The health services industry has continued to be the sector responsible for the highest number of reported data breaches in Australia, accounting for 85 of the 446 total breaches notified to the Office of the Australian Information Commissioner (OAIC) in the six months to 30 June 2021.
The 446 total is down 16% when compared to the previous six month’s figure of 530 notifications. For the 2020-21 financial year, 976 notifications were received under the Notifiable Data Breaches (NDB) scheme.
March saw the highest number of notifications with 102.
In the reporting period, 81% of breaches were identified by the entity within 30 days of it occurring, but in 4% of occasions, it took the entity longer than 365 days.
“For data breaches caused by malicious or criminal attack or human error, more than 80% of entities identified the incident within 30 days of it occurring,” the OAIC wrote. “Where entities experienced a data breach resulting from a system fault, only 61% identified the incident within 30 days, and 30% did not become aware of the incident for over a year.”
In the reporting period, 72% of entities notified the OAIC within 30 days of becoming aware of an incident that was subsequently assessed to be an eligible data breach. 27 entities took longer than 120 days from when they became aware of an incident to notify the OAIC.
71% of Australian government agencies reporting an incident found it within 30 days. 9%, however, took over a year to find. 3% took over a year to notify the OAIC.
Since the mandate, health has been the most affected sector. Coming in second to health this half was the finance sector, which accounted for 57 notifications, followed by legal and accounting with 35, and the Australian government and insurance sectors each with 34.
The Australian government entered the top five sectors in the first half of FY21.
All agencies and organisations in Australia that are covered by the Privacy Act 1988 are required to notify individuals whose personal information is involved in a data breach that is likely to result in “serious harm”, as soon as practicable after becoming aware of a breach. The Privacy Act covers most Australian government agencies; it does not cover a number of intelligence and national security agencies, nor does it cover state and local government agencies, public hospitals, and public schools.
In its latest six-month report [PDF] capturing notifications made under the NDB scheme, the OAIC said most data breaches involved the personal information of 5,000 individuals or fewer.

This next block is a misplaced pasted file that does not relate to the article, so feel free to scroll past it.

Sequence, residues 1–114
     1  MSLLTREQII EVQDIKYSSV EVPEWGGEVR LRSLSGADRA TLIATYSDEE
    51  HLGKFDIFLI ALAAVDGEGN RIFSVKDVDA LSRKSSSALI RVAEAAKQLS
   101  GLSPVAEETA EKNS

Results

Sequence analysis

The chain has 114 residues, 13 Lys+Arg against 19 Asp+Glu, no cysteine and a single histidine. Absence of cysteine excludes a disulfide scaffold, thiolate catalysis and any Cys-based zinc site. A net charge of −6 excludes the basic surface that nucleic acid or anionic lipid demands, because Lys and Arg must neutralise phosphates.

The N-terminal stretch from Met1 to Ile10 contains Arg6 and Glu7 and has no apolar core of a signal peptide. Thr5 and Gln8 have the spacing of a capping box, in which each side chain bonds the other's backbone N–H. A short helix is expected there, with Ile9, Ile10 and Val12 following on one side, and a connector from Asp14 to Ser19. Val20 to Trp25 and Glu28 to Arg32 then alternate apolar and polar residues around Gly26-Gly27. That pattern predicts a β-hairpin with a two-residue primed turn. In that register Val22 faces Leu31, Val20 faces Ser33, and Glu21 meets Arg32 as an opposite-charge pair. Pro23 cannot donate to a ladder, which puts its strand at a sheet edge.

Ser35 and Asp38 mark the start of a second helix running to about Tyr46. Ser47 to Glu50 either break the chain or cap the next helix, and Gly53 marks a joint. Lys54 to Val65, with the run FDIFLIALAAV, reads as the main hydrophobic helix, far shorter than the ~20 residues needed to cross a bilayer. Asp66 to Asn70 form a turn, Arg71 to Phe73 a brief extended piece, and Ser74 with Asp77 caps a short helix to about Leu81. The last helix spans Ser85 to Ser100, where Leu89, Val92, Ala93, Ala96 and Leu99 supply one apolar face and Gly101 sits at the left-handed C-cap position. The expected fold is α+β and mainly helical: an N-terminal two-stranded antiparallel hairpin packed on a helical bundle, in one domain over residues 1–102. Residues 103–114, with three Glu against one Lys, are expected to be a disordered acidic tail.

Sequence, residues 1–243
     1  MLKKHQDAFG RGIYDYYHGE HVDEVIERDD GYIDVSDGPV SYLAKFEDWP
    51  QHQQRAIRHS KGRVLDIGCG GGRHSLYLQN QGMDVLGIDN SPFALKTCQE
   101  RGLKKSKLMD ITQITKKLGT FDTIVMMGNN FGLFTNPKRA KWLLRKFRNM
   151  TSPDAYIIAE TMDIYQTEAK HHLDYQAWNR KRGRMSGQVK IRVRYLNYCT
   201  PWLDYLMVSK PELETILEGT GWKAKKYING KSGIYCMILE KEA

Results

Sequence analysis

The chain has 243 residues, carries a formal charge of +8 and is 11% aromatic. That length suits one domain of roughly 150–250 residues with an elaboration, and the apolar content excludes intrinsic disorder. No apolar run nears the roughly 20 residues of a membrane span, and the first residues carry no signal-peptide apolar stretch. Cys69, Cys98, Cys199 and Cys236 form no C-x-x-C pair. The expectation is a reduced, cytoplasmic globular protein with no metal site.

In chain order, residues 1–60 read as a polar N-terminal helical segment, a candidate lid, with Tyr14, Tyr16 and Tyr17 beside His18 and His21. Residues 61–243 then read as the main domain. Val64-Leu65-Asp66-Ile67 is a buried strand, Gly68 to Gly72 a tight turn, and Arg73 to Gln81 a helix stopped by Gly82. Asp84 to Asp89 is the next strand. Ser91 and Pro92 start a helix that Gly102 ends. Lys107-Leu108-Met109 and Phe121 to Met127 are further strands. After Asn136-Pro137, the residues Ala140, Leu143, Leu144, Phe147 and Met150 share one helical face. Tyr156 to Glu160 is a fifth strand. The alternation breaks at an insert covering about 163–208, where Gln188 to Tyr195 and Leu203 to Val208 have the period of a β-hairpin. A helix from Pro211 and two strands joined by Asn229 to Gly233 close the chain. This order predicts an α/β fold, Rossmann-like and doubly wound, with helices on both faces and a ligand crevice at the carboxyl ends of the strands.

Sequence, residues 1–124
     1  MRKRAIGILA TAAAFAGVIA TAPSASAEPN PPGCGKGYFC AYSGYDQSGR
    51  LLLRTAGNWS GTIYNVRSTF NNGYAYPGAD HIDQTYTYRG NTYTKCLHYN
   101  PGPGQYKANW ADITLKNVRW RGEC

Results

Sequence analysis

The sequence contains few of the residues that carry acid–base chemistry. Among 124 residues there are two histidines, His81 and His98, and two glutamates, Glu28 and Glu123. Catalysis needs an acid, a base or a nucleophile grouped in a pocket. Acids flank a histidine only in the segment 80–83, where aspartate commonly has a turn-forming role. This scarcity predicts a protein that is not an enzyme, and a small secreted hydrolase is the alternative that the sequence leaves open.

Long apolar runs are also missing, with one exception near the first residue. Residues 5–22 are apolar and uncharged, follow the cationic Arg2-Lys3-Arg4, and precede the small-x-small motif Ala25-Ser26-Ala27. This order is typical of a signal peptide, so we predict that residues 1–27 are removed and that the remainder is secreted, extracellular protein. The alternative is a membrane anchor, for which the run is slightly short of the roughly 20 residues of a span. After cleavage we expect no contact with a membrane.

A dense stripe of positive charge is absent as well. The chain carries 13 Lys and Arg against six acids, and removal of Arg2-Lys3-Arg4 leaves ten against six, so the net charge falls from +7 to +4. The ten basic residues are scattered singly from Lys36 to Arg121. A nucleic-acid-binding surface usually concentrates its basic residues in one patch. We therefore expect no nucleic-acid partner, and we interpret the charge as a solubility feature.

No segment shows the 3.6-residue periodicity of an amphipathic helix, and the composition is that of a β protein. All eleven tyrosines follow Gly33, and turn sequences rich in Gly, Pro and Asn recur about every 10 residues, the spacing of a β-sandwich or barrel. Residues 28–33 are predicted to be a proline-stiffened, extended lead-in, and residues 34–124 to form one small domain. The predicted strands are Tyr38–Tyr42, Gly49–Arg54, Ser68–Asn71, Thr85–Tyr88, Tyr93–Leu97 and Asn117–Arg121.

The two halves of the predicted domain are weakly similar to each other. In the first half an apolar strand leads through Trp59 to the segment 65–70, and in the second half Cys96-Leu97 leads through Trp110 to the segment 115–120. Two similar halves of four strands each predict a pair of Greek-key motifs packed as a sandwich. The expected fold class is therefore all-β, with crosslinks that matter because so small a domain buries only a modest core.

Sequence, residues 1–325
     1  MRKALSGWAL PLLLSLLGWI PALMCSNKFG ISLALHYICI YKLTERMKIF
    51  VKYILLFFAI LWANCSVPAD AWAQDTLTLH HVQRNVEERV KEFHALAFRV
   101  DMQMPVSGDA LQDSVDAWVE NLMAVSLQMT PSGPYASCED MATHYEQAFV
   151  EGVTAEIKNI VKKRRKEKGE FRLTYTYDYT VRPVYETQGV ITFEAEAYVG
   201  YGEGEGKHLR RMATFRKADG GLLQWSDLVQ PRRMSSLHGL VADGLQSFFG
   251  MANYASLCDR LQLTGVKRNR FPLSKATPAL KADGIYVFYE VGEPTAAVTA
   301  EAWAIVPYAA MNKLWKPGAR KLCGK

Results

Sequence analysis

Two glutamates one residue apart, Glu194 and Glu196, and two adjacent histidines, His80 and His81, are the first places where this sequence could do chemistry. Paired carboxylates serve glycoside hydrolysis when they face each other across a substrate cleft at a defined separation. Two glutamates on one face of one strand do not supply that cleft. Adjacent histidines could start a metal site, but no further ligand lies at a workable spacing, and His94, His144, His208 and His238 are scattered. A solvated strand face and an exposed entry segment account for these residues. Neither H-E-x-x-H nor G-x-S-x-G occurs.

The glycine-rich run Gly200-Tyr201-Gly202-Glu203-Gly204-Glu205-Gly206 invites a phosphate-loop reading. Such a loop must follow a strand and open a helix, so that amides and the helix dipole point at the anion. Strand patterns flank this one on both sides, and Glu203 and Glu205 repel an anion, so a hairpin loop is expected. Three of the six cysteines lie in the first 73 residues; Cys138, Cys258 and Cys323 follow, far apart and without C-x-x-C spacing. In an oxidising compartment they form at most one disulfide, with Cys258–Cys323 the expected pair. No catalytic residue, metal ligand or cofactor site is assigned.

Three notifications affected over 1 million individuals, with one affecting over 10 million individuals.
Contact information, identity information, and financial details continue to be the most common types of personal information involved in data breaches. 407 — or 91% — of breaches notified under the scheme involved contact information, such as an individual’s name, home address, phone number, or email address.
247 instances saw the breach of identity information, 193 exposed financial information, 136 health information, tax file numbers were exposed in 102 breaches, and other sensitive information was compromised in 75 of the occasions.
Malicious or criminal attacks were the largest source of data breaches notified to the OAIC, accounting for 289 breaches. 192 breaches were caused by “cyber incidents”, 35 of them resulted from social engineering or impersonation, on 28 occasions the actions taken by a rogue employee or insider threat was the cause, and theft of paperwork or storage devices was responsible for 34 notifications.
The report says human error also remained a major source of breaches, accounting for 134 notifications, while system faults accounted for the remaining 23 breaches.
Human error breaches include sending personal information to the wrong recipient via email, unintended release or publication of personal information, and failure to use the blind carbon copy function when sending group emails.
Unauthorised disclosure/unintended release or publication occurred in 31 notifications. This alone affected 523,998 individuals.
The Australian government did not report any incidents pertaining to system faults, but reported 25 as human error, and nine as a malicious or criminal attack. The Australian government also reported one incident as “hacking”.
The top sources of cyber incidents during the reporting period were phishing, compromised or stolen credentials, and ransomware.
“More than half of cyber incidents (62%) during the reporting period involved malicious actors gaining access to accounts using compromised or stolen credentials,” OAIC said. “The most common method used by malicious actors to obtain compromised credentials was email-based phishing (58 notifications).”
Ransomware incidents increased by 24% in the second half of the year, up from 37 in the first half to 46.
Need to disclose a breach? Read this: Notifiable Data Breaches scheme: Getting ready to disclose a data breach in Australia
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